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Occupy Vancouver Post

by Trevor Kehoe

Cooperatives, →Environment, →Media Co-op Updates

Occupy Vancouver Post
Occupy Vancouver Post
Occupy Vancouver Post
Occupy Vancouver Post
Occupy Vancouver Post
Occupy Vancouver Post
Occupy Vancouver Post
Occupy Vancouver Post
Occupy Vancouver Post
Occupy Vancouver Post

Occupy Vancouver     (excerpt from www.commoninterestcanada.blogspot.com)

Trevor Kehoe
 
Occupy Vancouver kicked off at the Vancouver Art Gallery in the heart of the city on October 15 along with other demonstrative movements taking place in over 1,500 cities worldwide. Numbers were estimated at 5,000 at the events peak with about 2,000 maintaining their presence throughout the day. The loosely organized, leaderless movement was trying to find it's ground and direction with opinionated voices speaking about issues that covered many topics.
 
Some were confused, others focused, directed, some for and some against the gathering itself but all in all the air was positive as citizens joined up for a dialogue on many pressing issues. The scattered opinions and ideals were on full display at the microphone with many messages, rants and raves.
 
The question many are asking is to what end? The movement is still in its infancy and the crowd is optimistic about the possibilities for positive change in the world with mass mobilization such as this. The Occupy movement prides itself on being inclusive and leaderless with many meeting up in workgroups, committees and workshops to begin the dialogue on what change they would like to achieve and how to do so.
 
The day was filled with music, dancing, meditation groups, networking and observing with an air of jubilation and community building. Information tents were set up by a number of organizations including Food Not Bombs who continue to serve free food to anyone all day and all night. The grounds also have an information library, first aid, kids zone and more.
 
The movement appears to be a rebuilding of social infrastructure and democracy from the ground up. Providing a space in cities that display the social nets needed. Boiling it down to the basics for human life, food, shelter, water and community.
 
The inclusiveness gives all a chance to voice their thoughts on basically any subject. During the general assembly and other meetings, all are welcome to put forth their ideas. As in any social experiment it’s interesting to watch the axis of conversation and interests of the crowd and although communication within the group can be difficult, a strongly democratic theme runs through the gatherings.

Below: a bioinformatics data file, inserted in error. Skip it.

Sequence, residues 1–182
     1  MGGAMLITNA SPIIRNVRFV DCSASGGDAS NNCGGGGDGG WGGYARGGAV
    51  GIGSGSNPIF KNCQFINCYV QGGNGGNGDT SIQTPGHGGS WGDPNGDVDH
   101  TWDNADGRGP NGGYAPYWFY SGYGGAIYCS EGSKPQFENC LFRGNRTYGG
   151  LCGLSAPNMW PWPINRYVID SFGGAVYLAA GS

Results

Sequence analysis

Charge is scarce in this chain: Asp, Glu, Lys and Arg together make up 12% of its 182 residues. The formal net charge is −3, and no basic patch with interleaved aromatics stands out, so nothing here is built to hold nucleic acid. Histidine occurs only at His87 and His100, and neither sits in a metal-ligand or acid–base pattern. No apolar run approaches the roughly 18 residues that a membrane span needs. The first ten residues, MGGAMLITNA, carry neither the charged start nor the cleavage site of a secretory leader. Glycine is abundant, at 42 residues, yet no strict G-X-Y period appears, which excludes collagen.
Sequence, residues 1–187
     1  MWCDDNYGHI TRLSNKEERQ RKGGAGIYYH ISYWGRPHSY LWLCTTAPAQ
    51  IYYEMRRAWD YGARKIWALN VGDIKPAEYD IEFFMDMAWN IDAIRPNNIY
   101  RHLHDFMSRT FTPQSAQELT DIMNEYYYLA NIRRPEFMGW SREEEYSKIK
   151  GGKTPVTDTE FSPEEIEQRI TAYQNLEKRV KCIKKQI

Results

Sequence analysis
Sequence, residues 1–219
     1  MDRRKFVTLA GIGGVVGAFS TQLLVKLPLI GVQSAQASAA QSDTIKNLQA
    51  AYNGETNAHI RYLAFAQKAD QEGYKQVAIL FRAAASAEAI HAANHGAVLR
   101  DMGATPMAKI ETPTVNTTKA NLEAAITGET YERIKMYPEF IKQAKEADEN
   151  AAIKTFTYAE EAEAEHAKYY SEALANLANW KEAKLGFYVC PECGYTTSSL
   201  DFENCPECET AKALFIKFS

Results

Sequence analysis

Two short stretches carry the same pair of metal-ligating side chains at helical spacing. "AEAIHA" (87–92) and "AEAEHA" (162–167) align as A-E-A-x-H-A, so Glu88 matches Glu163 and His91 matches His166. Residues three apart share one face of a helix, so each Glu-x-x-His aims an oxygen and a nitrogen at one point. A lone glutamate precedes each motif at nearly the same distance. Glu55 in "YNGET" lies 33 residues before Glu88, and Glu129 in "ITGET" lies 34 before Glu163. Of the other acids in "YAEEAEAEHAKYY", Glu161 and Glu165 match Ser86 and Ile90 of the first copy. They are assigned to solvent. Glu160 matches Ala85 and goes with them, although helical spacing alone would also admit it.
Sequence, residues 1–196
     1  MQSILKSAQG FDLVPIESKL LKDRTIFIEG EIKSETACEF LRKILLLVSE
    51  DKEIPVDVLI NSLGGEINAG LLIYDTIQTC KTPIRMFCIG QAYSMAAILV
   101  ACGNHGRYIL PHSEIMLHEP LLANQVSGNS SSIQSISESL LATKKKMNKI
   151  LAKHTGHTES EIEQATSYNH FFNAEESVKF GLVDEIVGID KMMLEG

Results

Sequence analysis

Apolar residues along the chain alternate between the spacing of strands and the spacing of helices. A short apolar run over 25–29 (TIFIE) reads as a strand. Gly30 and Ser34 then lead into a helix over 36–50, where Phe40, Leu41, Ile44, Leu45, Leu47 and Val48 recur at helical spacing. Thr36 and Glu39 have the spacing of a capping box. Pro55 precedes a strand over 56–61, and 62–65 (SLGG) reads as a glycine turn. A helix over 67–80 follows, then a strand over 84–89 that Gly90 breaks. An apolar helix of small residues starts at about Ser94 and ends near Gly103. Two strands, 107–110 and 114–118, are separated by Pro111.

Some indeed may see the actual ‘occupation’ of setting up tents in a public space as secondary to the actions of the group or meaningless. But for those who are being left behind in our system with no place to live and no food to eat, without health care, the occupiers have now created communities to gather and demonstrate how easy it is to care for each other.
 
Music filled the air throughout the day with DJ's playing at breaks, acoustic guitars, drum circles, choirs and more entertaining bringing the crown together.
 
The occupying tent city was estimated to have about 60 to 80 tents but it is difficult to pin down actual numbers of those who were planning to stay over night.
 
Speaking to both Officers from the Vancouver Police Department (VPD) and City of Vancouver employees comments were positive on the gathering and permitting of the occupiers setting up tents on the gallery grounds.
 
During the first day the VPD @VancouverPD tweeted  "#VPD thanks those attending@occupyvancouver today for their cooperation & helping keep everyone safe#occupyvancouver”. A positive bridge building comment to the public. 
 
The demonstration was peaceful in nature with the only reported disturbances of a homeless woman being arrested for reasons unrelated to the gathering and a small crowd of about 20 people choosing to have a non-violent 'sit in' in the middle of the intersection of Howe and Georgia. Police wisely decided to close off Georgia in between Howe and Hornby to accommodate the larger crowds, but for reasons unexplained the small group ‘took over’ the middle of the intersection, snarling traffic with no direct cause apparent. There was plenty of room and a microphone to have their voices heard in front of the gallery, they instead chose to gather a crowd of police and more onlookers to prove the point that indeed it was 'their streets'. Eventually they decided they made there voices heard and joined the rest of the group.
 
Organizational and brainstorming meetings took place all day including the general assembly at noon and 7 p.m. which has been made a daily occurance.
 
Occupy movements also took place in cities across Canada including Toronto, Montreal, Winnipeg, Regina, Halifax, Calgary and Edmonton among others.
 
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